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Charles Wesley: A Biography Paperback – 30 Nov 2006

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Product details

  • Paperback: 390 pages
  • Publisher: Epworth Press (30 Nov. 2006)
  • Language: English
  • ISBN-10: 0716206153
  • ISBN-13: 978-0716206156
  • Product Dimensions: 23.2 x 16.1 x 2.9 cm
  • Average Customer Review: 5.0 out of 5 stars  See all reviews (1 customer review)
  • Amazon Bestsellers Rank: 946,446 in Books (See Top 100 in Books)

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About the Author

Gary Best is Headmaster of Kingswood School in Bath.

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Most Helpful Customer Reviews

Format: Paperback Verified Purchase
A treasure to keep and to read on for every human being, it inspires people to know " Jesus. "
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Most Helpful Customer Reviews on (beta) 2 reviews
4 of 5 people found the following review helpful
Charles Wesley 2 Nov. 2007
By Dr. Donald W. Haynes - Published on
Format: Paperback Verified Purchase
This is the first bona fide biography of Charles Wesley, author of over 6000 hymns and co-founder of Methodism, in 150 years. Written by a British Methodist, it is very well researched and interestingly written. It does tend to denigrate his brother, John Wesley.
The most brilliant and thorough presentation on the history of Methodism through the lens of Charles’ life 31 Mar. 2015
By Ruben Cervantes Jr - Published on
Format: Paperback Verified Purchase
I must say that this is the definitive biography on Charles Wesley.
This biography on the life of Charles Wesley was more than a simple report on the key events of his life. This work is a brilliant and thorough presentation on the history of Methodism through the lens of Charles’ life. Gary Best begins by generously laying out the historical background prior to Charles’ birth so that the reader may better understand the environment in which this co-founder of methodism emerged from. He gives us extensive insights regarding the lives of both of his parents including their experiences with the church of England. Best even indulges the reader by telling about their blissful union but also reports their financial impediments and the shameful reality regarding their struggling marriage. The reader is taken through the childhood of Charles Wesley from his birth and infancy in Epworth to his eventual relocation to London where he would study at Westminster school. Of course, much is said about Samuel and John in their academic development as well.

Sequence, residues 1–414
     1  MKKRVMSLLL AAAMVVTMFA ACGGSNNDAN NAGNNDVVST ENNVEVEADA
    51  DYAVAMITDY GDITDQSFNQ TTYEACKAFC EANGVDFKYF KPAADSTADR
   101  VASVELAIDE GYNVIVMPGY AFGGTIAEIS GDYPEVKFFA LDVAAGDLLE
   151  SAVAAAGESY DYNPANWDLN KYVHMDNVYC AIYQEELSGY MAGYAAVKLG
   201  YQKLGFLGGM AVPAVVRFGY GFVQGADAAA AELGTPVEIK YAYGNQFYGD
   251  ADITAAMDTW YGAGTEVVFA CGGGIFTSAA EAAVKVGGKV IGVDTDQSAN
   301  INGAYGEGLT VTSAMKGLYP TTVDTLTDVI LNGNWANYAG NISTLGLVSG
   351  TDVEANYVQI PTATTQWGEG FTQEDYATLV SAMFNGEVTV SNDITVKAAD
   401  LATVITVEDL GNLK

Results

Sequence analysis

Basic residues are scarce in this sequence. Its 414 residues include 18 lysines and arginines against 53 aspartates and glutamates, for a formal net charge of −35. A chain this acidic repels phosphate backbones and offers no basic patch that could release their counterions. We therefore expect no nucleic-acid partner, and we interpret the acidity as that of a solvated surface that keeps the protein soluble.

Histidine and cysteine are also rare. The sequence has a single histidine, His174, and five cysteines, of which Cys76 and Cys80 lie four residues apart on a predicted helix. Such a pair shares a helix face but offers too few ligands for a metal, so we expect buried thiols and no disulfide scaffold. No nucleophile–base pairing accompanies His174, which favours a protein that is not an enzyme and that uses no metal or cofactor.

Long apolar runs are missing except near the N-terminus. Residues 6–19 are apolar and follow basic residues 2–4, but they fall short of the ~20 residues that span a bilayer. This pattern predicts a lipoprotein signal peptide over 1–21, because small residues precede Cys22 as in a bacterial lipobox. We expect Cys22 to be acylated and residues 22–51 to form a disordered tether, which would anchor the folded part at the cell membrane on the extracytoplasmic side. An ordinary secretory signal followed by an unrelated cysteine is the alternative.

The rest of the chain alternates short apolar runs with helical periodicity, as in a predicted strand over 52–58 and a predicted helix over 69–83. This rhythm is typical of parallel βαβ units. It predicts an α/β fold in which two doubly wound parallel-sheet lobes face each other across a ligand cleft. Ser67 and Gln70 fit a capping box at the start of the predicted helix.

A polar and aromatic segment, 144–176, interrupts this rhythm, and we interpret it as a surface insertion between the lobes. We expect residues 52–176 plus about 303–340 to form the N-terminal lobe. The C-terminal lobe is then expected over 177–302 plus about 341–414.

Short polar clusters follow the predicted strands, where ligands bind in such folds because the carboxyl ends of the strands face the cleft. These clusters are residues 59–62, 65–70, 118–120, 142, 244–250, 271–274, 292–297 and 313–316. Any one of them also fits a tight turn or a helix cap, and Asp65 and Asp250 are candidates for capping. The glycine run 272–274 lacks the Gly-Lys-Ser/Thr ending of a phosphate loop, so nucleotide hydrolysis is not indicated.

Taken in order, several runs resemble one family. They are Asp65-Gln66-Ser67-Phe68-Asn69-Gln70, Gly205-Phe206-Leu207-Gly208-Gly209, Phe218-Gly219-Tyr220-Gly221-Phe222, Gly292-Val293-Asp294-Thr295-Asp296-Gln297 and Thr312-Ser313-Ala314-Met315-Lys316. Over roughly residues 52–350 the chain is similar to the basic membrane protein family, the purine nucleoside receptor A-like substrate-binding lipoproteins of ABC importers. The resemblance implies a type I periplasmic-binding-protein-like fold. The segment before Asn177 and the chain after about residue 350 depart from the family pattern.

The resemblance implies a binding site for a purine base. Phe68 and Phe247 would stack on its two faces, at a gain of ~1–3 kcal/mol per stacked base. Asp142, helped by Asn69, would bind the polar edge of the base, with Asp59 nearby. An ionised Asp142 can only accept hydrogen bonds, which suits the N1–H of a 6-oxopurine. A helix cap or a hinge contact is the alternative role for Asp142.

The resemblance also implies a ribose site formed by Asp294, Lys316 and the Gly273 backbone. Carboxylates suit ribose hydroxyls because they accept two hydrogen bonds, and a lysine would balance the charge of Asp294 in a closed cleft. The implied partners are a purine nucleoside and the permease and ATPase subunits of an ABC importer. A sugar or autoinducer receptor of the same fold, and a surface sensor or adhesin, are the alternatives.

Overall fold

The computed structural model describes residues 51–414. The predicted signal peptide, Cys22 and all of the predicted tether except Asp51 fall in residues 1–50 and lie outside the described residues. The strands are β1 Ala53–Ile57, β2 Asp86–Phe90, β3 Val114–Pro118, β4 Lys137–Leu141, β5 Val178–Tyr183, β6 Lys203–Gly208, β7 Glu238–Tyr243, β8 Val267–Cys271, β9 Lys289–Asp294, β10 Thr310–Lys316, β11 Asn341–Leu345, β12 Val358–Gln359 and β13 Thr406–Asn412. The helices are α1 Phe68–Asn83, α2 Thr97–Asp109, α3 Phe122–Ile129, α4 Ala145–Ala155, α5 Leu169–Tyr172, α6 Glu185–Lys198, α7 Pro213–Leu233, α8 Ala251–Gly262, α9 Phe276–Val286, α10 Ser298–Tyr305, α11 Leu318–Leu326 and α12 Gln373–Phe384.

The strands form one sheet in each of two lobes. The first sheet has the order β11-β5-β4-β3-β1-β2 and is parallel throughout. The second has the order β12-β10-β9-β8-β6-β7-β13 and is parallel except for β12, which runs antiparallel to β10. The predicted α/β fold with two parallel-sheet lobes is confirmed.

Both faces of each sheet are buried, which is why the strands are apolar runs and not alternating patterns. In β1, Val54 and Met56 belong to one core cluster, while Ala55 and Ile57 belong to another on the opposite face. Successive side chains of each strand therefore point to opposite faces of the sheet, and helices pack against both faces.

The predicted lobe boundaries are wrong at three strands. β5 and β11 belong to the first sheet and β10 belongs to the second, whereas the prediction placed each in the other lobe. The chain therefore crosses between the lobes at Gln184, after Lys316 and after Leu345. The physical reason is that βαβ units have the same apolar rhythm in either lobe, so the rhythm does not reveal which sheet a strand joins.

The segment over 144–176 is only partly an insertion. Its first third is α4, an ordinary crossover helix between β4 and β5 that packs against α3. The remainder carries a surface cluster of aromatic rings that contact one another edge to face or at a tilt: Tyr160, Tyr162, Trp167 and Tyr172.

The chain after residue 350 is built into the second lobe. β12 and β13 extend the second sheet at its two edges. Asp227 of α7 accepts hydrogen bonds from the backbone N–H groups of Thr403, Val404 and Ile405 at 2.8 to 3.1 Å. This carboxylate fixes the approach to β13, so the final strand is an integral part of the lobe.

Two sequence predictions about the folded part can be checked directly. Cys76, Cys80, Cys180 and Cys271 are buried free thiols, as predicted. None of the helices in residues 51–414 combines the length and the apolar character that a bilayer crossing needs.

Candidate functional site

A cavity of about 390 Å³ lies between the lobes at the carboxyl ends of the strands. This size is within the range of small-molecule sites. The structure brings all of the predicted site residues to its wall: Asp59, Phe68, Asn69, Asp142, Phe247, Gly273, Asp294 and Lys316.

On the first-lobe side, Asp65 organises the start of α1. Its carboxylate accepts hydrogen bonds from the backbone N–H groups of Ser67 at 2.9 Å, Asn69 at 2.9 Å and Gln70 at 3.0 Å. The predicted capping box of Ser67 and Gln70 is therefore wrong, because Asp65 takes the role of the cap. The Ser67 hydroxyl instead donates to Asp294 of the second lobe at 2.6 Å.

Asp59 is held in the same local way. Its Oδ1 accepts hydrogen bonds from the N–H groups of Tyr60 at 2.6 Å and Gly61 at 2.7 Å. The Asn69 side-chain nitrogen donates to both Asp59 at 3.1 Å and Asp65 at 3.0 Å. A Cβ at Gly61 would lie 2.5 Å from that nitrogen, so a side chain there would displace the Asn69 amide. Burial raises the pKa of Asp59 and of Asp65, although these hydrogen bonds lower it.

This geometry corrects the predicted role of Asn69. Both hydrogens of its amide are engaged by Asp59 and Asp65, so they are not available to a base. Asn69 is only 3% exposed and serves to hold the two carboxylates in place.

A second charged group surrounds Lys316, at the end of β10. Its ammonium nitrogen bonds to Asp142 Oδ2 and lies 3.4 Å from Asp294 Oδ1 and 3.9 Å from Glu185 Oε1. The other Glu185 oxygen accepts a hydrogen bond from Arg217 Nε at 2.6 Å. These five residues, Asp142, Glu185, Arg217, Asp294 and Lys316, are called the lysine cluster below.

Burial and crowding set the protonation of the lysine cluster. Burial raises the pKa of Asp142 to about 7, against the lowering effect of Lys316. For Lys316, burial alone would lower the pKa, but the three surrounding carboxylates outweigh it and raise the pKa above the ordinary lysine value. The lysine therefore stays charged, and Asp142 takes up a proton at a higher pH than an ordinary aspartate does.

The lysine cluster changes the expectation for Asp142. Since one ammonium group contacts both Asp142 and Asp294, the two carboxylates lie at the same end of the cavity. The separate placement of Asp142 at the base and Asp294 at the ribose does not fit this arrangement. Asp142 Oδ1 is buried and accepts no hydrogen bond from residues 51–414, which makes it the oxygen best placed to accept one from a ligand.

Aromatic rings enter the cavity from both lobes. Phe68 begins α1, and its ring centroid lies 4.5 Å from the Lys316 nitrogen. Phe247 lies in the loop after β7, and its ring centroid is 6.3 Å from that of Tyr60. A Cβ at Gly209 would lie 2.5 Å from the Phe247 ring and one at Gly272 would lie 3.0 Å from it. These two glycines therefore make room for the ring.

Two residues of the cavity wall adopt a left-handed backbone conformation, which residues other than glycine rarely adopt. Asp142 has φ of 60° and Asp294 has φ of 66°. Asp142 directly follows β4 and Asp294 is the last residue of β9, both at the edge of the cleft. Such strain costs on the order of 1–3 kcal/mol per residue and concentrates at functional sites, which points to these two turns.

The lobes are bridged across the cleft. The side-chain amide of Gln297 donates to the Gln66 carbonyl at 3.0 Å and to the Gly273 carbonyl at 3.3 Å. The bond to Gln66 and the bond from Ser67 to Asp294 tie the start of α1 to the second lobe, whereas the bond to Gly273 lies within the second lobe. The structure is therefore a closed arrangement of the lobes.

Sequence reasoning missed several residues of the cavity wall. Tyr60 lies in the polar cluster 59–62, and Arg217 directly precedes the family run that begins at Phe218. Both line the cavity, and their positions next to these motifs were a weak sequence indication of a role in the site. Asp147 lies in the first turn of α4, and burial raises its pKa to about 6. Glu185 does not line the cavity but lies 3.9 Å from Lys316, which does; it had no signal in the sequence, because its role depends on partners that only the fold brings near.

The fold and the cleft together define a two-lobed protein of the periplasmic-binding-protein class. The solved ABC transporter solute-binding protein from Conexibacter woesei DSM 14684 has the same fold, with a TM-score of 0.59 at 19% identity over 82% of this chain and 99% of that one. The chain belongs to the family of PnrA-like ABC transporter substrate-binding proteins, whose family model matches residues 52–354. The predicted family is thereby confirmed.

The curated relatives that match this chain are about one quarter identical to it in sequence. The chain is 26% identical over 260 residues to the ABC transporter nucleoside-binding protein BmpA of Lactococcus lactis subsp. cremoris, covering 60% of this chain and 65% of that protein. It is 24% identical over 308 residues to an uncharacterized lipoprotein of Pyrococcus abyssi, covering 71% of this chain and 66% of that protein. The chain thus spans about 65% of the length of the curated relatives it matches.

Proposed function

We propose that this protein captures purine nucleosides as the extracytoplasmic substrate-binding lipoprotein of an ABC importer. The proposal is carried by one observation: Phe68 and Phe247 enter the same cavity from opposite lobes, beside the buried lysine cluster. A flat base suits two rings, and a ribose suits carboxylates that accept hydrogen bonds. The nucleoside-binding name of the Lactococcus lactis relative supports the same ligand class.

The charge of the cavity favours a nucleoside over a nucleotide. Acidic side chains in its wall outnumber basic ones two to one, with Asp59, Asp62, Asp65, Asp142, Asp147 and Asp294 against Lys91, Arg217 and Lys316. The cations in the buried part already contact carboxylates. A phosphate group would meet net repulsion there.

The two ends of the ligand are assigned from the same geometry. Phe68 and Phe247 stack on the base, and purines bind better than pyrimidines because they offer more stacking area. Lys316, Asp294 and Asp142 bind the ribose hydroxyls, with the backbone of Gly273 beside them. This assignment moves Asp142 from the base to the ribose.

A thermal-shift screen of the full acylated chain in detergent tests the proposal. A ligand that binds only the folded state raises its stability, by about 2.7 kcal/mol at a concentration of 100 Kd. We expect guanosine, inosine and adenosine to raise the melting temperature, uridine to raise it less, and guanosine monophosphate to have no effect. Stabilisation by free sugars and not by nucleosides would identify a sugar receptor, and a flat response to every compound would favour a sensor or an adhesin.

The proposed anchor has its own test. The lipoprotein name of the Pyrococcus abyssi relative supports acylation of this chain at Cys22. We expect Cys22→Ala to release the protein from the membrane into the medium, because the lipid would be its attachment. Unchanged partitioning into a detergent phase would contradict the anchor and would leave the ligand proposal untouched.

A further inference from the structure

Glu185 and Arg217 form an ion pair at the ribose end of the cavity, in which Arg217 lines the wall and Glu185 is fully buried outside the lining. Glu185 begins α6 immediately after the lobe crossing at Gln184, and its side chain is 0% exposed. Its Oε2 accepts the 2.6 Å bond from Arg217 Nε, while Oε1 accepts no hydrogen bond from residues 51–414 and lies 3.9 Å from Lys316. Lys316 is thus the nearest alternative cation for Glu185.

The story continues in Oxford where Charles would start the so called “Holy Club” where he would attract Benjamin Ingham and George Whitefield; 2 key leaders in the development of Methodism. It is possible that their next season would be one of youthful zeal, nonetheless, the author tells us of both the glory and the delusion of the mission to America. This is where the Wesley’s make initial contact with the Moravians who will have a major impact on their assurance of salvation. Three days before John’s famous Aldersgate experience, Charles had an experience that was likely what positioned John to feel the his heart strangely warmed. Subsequently, they put their faith to action by establishing many societies and scandalously preaching in the open air. Best, again reveals the glories of this awakening but also faithfully reports on the division in Methodism among the Calvinists led by George Whitefield, Moravians led by Benjamin Ingram, and Arminians led by the Wesleys.
As the movement continues to mature the reader is guided through the wrongful persecution of methodists due to the Jacobite accusations. There is also ample insight into the developments of both Charles’ happy marriage to Sally and John’s unfortunate rebound marriage to Molly. This all is explained to occur amidst the persistent rumblings of dissent, which Charles fought against until the day of his death. Best explains the turmoil surrounding the evolving doctrine of christian perfection that John introduces and of which Charles opposes. The story continues with the American Revolution and the Wesley’s opposition to it both for moral reasons and also because of the dilemma facing Methodism in America. The book finishes with peering into Charles as father to his children and to his relationship with his wife until the end of his life in 1788. Of course Best does not neglect to speak of the organizational structure left in methodism at the time of John’s death in 1791.
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